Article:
Le’s favorite quote is “God has given you a great gift—your life. What will you do with it?” To me this is a powerful statement, it reminds me to always try to better myself each day whether it as a better attorney, husband, father or just a better person.” Le believes that today’s successful attorney must be more than just an advocate or legal advisor. His job description sometimes includes being a parent, a psychiatrist, a friend, and an advisor in many aspects of a client’s life. He tries to genuinely express as much empathy as possible, to sit back and invest the time to really listen, think and process and then come up with the best solution to their problem.
Le says, “Most attorneys can regurgitate the law, but successful attorneys are problem solvers that can relate to clients on a human level. That’s what today’s clients want and expect out of the attorney they hire.”
This approach has led to being one of the busiest offices in terms of volume. However, the firm never forgets to make time for each client. It is a must to get to know each of our clients not only about their case but about them as a person. The human connection is something he says the insurance companies his firm faces just don’t understand. Seeing only numbers instead of people doesn’t help their case and is in fact a trap they often fall into, Le says.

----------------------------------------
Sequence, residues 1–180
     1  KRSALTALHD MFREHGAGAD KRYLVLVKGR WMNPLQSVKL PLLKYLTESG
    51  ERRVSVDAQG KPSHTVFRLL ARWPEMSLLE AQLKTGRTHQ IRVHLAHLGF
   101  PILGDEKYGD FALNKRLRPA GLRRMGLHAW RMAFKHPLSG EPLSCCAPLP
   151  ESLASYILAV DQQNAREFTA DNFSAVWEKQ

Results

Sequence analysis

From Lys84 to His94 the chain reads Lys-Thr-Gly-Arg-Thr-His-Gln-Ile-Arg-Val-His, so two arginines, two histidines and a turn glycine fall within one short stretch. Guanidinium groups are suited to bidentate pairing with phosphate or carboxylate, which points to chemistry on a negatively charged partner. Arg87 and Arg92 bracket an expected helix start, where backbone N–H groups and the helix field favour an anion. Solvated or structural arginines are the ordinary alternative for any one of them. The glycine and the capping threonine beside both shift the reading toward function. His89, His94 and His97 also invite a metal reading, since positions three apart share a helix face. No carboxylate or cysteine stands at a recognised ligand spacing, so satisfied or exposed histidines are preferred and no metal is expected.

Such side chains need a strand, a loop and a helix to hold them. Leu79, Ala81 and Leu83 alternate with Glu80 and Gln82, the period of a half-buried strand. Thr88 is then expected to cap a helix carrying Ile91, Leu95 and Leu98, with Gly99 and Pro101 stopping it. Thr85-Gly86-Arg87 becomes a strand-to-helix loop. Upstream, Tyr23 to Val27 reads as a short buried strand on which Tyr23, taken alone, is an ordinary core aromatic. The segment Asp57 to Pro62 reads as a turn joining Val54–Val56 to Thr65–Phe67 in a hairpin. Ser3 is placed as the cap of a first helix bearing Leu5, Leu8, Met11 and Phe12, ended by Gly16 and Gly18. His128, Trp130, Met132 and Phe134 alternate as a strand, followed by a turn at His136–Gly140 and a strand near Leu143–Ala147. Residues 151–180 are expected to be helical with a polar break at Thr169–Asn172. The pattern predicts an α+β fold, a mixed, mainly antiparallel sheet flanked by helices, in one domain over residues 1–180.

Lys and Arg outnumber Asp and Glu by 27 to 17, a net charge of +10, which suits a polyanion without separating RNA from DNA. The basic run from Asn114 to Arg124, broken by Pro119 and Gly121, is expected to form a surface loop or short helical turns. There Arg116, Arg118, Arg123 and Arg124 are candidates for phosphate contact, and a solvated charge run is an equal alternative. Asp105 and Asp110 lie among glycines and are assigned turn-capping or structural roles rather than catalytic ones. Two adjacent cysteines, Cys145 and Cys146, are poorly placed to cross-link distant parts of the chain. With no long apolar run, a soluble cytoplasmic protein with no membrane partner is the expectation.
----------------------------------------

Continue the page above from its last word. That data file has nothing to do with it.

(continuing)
Working with people on an involved, personal level leads to success where other firms might achieve failure or less than desirable terms. Le cites a case taken over from a bigger firm in which it appeared that individual attention was never really given to the client. A large national firm was handling a plane crash case, but the clients were unhappy with the attention they received. Le’s firm took over and discovered that the previous firm had failed to name two additional plaintiffs and defendant. Le’s attorneys stepped in, named the plaintiffs and defendants, and were able to more than double the settlement. “Talking to a client is probably the most important thing we do as attorneys. I know so many clients so well they think I’m their best friend when they don’t have a best friend. I know about how they live, about their pain, about their kid’s problems, know about their family problems and how they eat or sleep or can’t sleep. How they can’t even communicate to people. If I don’t know that, if our staff doesn’t know that, then how could we present that to a jury so the jury would know that? It takes more than a few weeks prepping for a trial. It talks a full commitment, sometimes years, to really learn about a client.”